Although license sales were a bit down earlier this month, officials with the Department of Natural Resources are still hoping for a strong turnout.
For those heading out, Greg Matthews with the DNR says safety is one of their top messages this year. There were nine accidents during the 2008 season, with one fatality. Despite that, Matthews says it remains one of the safest sports in the state because of the safety classes most hunters have to take.
This year marks the first time hunters can serve as a mentor, which allows them to bring a person who is at least 11-years-old with them. There can only be one firearm between both individuals and they must be within arms reach at all times. A special hunting license is required for those wishing to serve as a mentor.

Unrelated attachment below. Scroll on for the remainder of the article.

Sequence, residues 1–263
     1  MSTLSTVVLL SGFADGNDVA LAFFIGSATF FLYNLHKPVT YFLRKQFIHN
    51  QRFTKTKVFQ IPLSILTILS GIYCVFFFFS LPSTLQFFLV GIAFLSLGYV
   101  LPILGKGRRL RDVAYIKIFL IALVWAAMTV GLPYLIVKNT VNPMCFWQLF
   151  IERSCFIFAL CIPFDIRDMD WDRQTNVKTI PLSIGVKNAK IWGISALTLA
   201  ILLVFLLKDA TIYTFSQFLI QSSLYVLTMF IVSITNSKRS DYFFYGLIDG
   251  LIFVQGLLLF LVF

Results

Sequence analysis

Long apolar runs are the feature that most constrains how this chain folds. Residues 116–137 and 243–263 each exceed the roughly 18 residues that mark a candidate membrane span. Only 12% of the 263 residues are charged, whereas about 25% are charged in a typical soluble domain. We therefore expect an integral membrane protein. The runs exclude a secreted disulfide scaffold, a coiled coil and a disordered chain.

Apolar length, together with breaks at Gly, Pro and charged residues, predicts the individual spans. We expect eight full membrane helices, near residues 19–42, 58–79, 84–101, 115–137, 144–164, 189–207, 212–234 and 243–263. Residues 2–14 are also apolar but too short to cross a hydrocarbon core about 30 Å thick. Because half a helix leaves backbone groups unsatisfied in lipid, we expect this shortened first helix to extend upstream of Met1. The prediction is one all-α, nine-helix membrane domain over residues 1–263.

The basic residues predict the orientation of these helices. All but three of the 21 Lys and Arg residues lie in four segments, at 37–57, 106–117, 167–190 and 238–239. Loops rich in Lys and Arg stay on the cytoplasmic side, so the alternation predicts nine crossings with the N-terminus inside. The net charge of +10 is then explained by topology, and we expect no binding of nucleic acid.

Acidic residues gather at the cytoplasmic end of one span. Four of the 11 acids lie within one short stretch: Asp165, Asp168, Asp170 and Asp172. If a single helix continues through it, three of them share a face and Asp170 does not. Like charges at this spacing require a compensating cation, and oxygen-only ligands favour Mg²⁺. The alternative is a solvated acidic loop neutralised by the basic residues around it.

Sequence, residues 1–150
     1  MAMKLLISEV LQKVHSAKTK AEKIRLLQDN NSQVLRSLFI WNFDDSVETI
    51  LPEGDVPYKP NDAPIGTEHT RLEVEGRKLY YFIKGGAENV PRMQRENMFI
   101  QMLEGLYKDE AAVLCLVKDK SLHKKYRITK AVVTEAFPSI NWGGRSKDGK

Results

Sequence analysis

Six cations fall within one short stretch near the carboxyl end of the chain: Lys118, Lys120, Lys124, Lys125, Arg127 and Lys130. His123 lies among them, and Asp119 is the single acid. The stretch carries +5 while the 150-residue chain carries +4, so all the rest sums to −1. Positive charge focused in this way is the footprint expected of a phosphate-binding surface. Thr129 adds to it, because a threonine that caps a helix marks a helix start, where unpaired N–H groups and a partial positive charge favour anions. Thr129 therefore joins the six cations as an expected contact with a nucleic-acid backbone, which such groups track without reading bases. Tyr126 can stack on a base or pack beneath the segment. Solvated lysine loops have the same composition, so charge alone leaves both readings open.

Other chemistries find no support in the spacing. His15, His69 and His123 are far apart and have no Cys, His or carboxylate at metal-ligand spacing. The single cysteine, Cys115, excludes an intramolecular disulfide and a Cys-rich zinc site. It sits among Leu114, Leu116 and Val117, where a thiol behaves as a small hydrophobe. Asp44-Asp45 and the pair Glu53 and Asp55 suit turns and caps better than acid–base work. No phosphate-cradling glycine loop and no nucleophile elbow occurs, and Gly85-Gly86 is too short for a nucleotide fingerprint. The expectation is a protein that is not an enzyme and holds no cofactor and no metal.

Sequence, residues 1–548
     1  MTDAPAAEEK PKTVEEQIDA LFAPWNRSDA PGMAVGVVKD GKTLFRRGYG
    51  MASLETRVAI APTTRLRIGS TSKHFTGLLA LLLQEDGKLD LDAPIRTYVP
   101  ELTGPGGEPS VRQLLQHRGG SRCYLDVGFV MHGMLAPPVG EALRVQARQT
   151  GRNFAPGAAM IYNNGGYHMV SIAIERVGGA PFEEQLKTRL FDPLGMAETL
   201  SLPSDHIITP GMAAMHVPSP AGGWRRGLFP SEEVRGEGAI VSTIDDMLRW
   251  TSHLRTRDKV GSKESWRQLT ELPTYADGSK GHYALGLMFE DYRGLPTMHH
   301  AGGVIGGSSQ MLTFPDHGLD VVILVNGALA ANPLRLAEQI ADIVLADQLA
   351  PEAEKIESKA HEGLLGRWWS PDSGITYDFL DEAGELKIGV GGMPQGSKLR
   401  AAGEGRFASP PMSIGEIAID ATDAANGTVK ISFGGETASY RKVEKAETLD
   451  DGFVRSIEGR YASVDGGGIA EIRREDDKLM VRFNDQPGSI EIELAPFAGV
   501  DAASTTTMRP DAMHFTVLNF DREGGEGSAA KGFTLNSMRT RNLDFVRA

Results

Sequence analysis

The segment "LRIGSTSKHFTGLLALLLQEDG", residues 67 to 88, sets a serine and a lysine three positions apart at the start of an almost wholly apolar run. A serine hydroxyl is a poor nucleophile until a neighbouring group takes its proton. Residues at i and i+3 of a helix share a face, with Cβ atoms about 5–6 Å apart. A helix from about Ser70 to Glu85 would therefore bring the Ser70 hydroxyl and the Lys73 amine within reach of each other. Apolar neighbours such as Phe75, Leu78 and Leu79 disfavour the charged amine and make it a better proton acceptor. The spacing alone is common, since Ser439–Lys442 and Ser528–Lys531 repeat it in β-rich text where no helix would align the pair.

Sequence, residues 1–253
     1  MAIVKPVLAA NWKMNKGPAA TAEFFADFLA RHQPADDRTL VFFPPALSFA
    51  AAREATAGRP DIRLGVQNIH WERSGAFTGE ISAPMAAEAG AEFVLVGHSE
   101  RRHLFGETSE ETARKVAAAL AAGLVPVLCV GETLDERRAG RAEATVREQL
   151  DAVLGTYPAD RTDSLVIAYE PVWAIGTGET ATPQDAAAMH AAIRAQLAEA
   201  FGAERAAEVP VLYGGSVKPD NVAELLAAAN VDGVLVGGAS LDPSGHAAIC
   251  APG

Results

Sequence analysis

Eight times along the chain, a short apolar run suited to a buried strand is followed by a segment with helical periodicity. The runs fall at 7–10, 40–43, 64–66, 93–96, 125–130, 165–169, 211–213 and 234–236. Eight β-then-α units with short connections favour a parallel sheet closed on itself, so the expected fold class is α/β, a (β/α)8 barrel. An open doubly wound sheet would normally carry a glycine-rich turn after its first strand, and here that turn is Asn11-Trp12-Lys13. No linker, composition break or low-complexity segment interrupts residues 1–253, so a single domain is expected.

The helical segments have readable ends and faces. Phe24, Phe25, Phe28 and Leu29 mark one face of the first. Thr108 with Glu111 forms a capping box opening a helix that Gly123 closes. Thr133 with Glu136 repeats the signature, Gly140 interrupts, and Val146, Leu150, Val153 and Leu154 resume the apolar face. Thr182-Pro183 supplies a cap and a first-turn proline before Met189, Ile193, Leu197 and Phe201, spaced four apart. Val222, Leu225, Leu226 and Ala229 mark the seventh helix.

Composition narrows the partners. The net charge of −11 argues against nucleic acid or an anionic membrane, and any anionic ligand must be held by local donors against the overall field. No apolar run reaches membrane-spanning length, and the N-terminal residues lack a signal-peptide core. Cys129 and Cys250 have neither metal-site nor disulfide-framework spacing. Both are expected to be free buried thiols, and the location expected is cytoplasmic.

Hunters are also being asked to help the DNR identify some pests. Any hunter who spots a feral pig is being urged to shoot the animal. The pigs have become a threat to farmers in parts of the state because they destroy crops and potentially spread diseases.
The DNR is also asking hunters to watch for illegal marijuana growing operations. That plea comes after officials have found large crops on public lands. Anyone who finds a marijuana plot is being urged to note the location and then contact the authorities.
This is the first year in quite some time the DNR is not providing an estimate of the size of the deer herd. Officials decided to discontinue the practice after they were criticized last year for over estimating the size of the herd.